In the U.S., Nabeel initially had an easy time as an anti-Christian Muslim apologist, easily exploiting Christians' ignorance of the Bible with his own limited knowledge, mainly from various Islamic apologetics he'd been taught. His first church experience was a performance of Heaven's Gates and Hell's Flames which he was easily able to dissect the weaknesses of. As he grew older, he learned about the various Hadiths and Muslim doctrine-- he notes most Muslims believe in the doctrine of abrogation-- some verses in the Quran cancel out others. But he relies on a supernatural Allah, praying to find friends. In college, he is assigned an intelligent Christian roommate, David Wood.

Qureshi's mind was first challenged in an undergraduate course on the Theory of Knowledge, something new to an Eastern mind (not to mention most Western ones). The East, Qureshi writes, is an honor/shame culture where authority is given to elders and tradition rather than reason. Nabeel and David become good friends, debate team comrades, and comisserate as monotheists in atheistic or pluralistic classrooms. David is pursuing philosophy while Nabeel is actually a pre-med student who is highly interested in philosophy. As David and Nabeel progress in their philosophical studies and debates over religion, they get used to assigning probabilities to what they believe in. You can basically measure Nabeel's progress by the probability he gives to a historical resurrection of Jesus. After September 11, 2001, David's family fears and experiences some persecution-- which they also experienced during the 1991 Gulf War. But David proves to be a good friend and meets Qureshi's family. He is also the kind of guy who gives Qureshi a copy of Josh McDowell's simple More than a Carpenter and encourages him to read Evidence That Demands a Verdict.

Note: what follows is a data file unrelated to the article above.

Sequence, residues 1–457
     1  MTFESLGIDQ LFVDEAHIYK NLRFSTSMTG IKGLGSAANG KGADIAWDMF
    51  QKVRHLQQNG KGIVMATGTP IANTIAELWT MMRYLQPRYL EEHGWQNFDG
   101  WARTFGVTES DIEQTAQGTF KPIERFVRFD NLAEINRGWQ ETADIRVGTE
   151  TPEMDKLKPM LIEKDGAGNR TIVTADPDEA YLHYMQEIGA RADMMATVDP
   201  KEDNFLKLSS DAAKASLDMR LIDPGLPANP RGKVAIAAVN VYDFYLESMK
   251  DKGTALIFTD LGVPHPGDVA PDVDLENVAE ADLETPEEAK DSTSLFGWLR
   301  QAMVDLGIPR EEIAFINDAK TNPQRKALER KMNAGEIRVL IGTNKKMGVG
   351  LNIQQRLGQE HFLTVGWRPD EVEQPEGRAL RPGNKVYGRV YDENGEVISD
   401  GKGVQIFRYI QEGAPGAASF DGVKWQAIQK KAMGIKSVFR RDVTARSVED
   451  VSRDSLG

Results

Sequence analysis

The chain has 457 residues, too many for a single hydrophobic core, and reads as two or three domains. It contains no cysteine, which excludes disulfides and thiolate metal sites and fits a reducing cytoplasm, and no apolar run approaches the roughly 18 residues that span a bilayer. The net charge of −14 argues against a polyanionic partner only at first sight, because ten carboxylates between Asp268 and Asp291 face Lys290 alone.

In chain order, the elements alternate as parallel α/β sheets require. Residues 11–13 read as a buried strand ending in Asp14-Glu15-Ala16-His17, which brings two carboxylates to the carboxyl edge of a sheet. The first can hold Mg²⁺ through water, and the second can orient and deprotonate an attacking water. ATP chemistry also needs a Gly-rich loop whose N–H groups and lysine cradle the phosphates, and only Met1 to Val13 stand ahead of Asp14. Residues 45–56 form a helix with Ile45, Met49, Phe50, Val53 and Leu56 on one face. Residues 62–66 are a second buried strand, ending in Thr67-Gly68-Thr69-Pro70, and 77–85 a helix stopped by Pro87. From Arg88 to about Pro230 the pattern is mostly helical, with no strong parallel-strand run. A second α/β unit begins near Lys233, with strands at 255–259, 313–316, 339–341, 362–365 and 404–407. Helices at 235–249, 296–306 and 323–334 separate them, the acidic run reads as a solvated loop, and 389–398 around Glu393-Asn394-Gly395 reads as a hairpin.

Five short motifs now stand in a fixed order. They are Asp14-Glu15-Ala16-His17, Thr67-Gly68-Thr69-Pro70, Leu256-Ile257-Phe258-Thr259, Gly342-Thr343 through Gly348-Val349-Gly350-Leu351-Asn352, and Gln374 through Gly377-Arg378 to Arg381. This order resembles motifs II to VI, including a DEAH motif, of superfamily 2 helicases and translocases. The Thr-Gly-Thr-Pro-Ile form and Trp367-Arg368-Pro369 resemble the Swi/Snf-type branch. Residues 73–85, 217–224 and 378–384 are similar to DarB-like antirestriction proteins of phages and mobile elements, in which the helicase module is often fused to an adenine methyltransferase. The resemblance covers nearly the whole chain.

Nabeel invites David to his house to discuss the resurrection with his dad, and the group attend a regular "Dream Team" meeting of debators discussing religion attended by Mike Licona and Gary Habermas- an incredible stroke of fortune both for David and Nabeel. Licona and Habermas are well-versed in defending the reasonable probability of a historical resurrection, and Nabeel notes that they are able to refute his father's criticisms well. Attending these meetings give the students the chance to hear a wide range of philosophical arguments. The group also attend a debate of a well-known Muslim apologist with Mike Licona over the resurrection. Nabeel increases his understanding and probability of an actual resurrection, but maintains a steadfast position in the orthodox Islamic teachings, particularly on the life of Muhammad.